I Spit on Your Grave” is by far one of the most repulsive motion pictures I have ever allowed myself to sit through, and I have seen “The Human Centipede 3.” It tries to pass itself off as a feminist movie, but it instead proves to be a complete insult to feminism, and you don’t need to be a woman to realize this is the case. Even in the realm of exploitation movies, I could not divorce myself from the moral standards I was raised to believe in as they came into play here.

In case you don’t know the plot of “I Spit on Your Grave,” it follows Jennifer Hills (Camille Keaton) as she drives from Manhattan to an isolated cottage out in Connecticut in an effort to start writing her first novel. While there, she attracts the attention of three men and their mentally disabled friend, Matthew, who eventually abduct and brutally rape her for what seems like an eternity. Somehow, she survives and eventually turns the tables on her attackers in ways which will have men crossing their legs more often than not.

This is a motion picture I found myself skimming through more than watching as the rapes prove to be far too disturbing to endure. The sexual assault of Jennifer lasts for over half an hour, and just when you think it is over, it starts up again to where I wondered what writer and director Meir Zarchi was trying to prove. If he wanted to show how unforgivably brutal a crime rape is, he succeeded far more than he needed to.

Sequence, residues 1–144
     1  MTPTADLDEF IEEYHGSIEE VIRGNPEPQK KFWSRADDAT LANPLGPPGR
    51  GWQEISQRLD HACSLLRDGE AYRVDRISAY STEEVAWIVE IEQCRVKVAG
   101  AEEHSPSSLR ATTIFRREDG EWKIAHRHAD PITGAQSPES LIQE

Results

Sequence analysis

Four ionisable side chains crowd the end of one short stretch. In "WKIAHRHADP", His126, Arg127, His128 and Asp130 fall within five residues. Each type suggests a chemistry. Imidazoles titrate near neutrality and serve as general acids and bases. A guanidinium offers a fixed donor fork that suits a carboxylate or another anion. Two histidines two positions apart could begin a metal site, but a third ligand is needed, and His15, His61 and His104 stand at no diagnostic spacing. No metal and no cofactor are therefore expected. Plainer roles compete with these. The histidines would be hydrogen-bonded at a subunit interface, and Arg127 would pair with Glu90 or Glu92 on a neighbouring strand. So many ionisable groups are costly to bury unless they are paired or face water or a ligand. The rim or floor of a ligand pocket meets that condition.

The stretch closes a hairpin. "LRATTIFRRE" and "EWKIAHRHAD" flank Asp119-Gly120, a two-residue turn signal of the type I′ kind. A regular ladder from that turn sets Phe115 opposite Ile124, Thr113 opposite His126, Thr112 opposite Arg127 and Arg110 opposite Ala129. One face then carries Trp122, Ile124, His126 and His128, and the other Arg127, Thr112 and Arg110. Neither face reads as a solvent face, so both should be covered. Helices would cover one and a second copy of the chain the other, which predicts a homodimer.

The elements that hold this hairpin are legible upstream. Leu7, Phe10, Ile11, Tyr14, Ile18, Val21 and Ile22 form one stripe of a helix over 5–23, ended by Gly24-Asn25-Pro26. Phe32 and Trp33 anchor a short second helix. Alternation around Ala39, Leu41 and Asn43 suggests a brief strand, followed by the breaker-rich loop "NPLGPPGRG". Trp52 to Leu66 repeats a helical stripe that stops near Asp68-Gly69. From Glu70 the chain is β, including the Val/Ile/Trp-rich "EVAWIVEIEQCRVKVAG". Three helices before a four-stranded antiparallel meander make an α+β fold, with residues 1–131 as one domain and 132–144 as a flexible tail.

For what it’s worth, I have to give Camille Keaton credit as she does make Jennifer’s suffering feel all too real to where she deserves a Purple Heart for her efforts. While the performances in “I Spit on Your Grave” are generally poor, Keaton doesn’t hide from the terrors her character is forced to experience in the most demeaning way possible. There is something to be said for her work even as this film proves to be every bit as deplorable as the violence perpetrated on her character.

At the same time, the major flaw of “I Spit on Your Grave” is how it revels in its heroine’s degradation more than in her revenge. In fact, Jennifer’s bloody vengeance on her attackers takes up less than half the time Zarchi spent on her multiple rapes, and there is something deeply wrong when you realize this. Jennifer comes to strangle, decapitate, castrate and disembowel those men who inflicted an infinite amount of cruelty on her, but we never feel her satisfaction as the morality of what she is doing never feels as justified as you would expect it to in any other exploitation film.